Still, all that being said, I did like the final paragraph:

The figure Ayn Rand most resembles in American life is L. Ron Hubbard, another crazed, pitiable charlatan who used trashy potboilers to whip up a cult. Unfortunately, Rand’s cult isn’t confined to Tom Cruise and a rash of Hollywood dimwits. No, its ideas and its impulses have, by drilling into the basest human instincts, captured one of America’s major political parties.


About Matthew Dentith

Author of "The Philosophy of Conspiracy Theories" (Palgrave Macmillan), Matthew Dentith wrote his PhD on epistemic issues surrounding belief in conspiracy theories. He is a frequent media commentator on the weird and the wonderful, both locally and internationally. On occasion he can be caught dreaming about wax lions but, mostly, it is rumoured he works for elements of the New World Order.

16 comments:

  1. In Michael Shermer’s otherwise reasonable critique of Rand, he wastes a few paragraphs comparing Rand’s injudicious affair with Nathan Branden to the sexual exploitation engaged in by many infamous cult leaders () Weirdly, he seems to be trying to use it as an example of Rand’s hypocrisy. However, the Rand – Branden affair was known to and consented to by their respective spouses – but Branden’s second affair was kept secret – thus, it doesn’t quite work as an example of hypocrisy. To me it stood out as a rather clumsy and misguided attack in what was a target rich environment.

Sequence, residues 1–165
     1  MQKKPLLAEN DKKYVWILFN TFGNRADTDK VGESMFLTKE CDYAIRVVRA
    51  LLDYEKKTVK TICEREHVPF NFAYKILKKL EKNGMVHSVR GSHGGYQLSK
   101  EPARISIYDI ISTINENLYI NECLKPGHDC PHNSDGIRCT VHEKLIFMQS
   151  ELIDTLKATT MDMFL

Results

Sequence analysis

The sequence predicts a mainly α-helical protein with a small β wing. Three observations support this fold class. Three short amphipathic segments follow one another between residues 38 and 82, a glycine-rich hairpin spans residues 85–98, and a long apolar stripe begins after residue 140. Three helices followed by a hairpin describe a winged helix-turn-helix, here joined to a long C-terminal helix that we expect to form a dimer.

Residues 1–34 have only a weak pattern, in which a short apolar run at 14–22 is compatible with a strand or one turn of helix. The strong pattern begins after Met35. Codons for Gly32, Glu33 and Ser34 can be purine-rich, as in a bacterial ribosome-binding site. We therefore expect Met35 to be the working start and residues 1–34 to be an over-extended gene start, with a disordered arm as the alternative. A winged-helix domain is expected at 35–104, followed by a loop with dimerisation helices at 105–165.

Ultimately, I think it’s natural to focus on the people, and not their ideas, especially since we all feel we can relate to critiques of the people, but critiques of the ideas can be quite complicated and abstract. It seems we have a lot of “built-in” mental mechanisms for judging people, and few or none at all for judging ideas. Judging the person seems the much easier path. Even though it often takes us to the wrong place.